Wednesday, October 21, 2015

Books with Cool Literary Cats

I've always found cats to be mystical and bewitching. So have others, judging by all the legends about black ones riding on the backs of witches' brooms. They are among the most mysterious and other-worldly of domestic pets.

Maybe it's their aloof manner of prancing so lightly on their velvet paws, which never make a sound when they touch the ground. Or their eyes, which light up the night like exotic gems, especially when caught in car headlights. It could be their way of turning warrior when they fight, with howls that could raise the dead. Or the rumbles of their purrs, like a mysterious inner motor no other creature seems to have. Perhaps it's partly the roughness of their tongues, enabling them to complete their fastidious grooming without needing the indignity of a bath. Of course, their acrobatic way of falling on their feet, even from great heights, fuels an intriguing myth that they have nine lives. All of the above makes me wonder if it's true that they simply allow us to refer to them as our pets, while they think they know better. I saw a funny facebook post recently, in which a dog says, 'These people feed me and care for me, they must be gods,' and then a cat says, 'These people feed me and care for me, I must be a god.'

My son and I often go for night walks around our district, and the drawcard for him is a group of cats which spring over to us, greeting us with meows. Two of them are black as the night. It's really not a good thing to have so many cats next door to the Wetlands, our bird-watchers' haven, but that's one of life's ironies. Even though I don't really approve either, I still stop to pat them, seduced by their mystique as usual.

Here are my top picks for cat lovers. (I'm not including majestic, large cats like Aslan, Richard Parker and Shere Khan, who probably deserve a post of their own, which I've now done, here.) Together, this lot embodies many of the features which intrigue us about cats. Here they are, counting down from ten to one.



11) The Cat from 'A Man called Ove'
I consider this cat as much of a hero as any of the humans in the story. He's a battler, a true survivor, a sweet-natured companion who has been through the feline version of hell on earth. His presence works on the devastated and crusty Ove, helping to give him a reason to live. My review is here.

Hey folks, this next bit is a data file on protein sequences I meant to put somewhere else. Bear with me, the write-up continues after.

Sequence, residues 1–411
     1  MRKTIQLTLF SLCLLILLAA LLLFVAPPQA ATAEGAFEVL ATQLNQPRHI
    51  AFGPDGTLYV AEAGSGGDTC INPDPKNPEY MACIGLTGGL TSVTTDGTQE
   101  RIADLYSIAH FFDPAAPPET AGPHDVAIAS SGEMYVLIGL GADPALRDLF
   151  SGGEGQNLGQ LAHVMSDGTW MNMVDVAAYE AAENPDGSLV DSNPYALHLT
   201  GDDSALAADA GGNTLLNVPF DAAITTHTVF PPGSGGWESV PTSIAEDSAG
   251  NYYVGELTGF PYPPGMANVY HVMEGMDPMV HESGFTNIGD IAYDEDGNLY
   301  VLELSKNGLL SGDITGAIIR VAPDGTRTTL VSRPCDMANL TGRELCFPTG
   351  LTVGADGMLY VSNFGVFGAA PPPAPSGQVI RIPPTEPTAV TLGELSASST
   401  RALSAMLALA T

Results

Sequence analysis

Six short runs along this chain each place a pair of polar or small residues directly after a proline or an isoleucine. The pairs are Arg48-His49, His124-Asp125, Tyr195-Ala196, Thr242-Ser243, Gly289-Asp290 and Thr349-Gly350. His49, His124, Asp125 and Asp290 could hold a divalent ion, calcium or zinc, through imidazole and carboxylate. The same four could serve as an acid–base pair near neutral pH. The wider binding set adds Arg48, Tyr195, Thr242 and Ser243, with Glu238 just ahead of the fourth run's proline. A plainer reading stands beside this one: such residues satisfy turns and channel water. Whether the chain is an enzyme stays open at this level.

10) Garfield.
He's so fat, lazy and sarcastic. And he knows he's smart enough to manipulate not just Odie,
 the exuberant and simple-minded dog, but also Jon, their owner.

9) Cat in the Hat.

He does exactly as he pleases, sauntering in when he knows the children's mother is out, to wreak havoc in their house. And he does it all with such an insouciant, 'She'll be right' attitude, knowing he has everything under control, despite the neurotic goldfish's opinion. Nobody can accuse this cat of needing chill pills.

8) The Cheshire Cat.
He has plenty of sauciness and wisdom to match that wide, crescent shaped grin spread across his face. He fits well in Wonderland with the other characters Alice comes across. I remember driving through the town of Cheshire with my parents when I was younger, and it's filled with grinning, stone cats.

7) Dick Whittington's cat.
This one belongs in a old English legend which is based on truth. The desperate servant boy bought her for a penny, to stop rats and mice scurrying over his face at night. She proves her worth for the boy, and later a ship's crew and African king's court. She's always equal to the challenge of stopping rat plagues single-handedly (or single-pawedly), not to mention the theme that giving up his most treasured possession resulted in untold glory for young Richard.

6) Puss in Boots.
The naive and simple young hero, the Marquis of Carabbas, would never have gone far on his own wits, but luckily for him, his loving cat takes it upon himself to look after his young master's future. Puss' plans involve all sorts of far-sightedness and trickery. The young man agrees to simply trust him and go along with it all, no matter how weird and counter-productive it sounds. And Puss brings him through every time.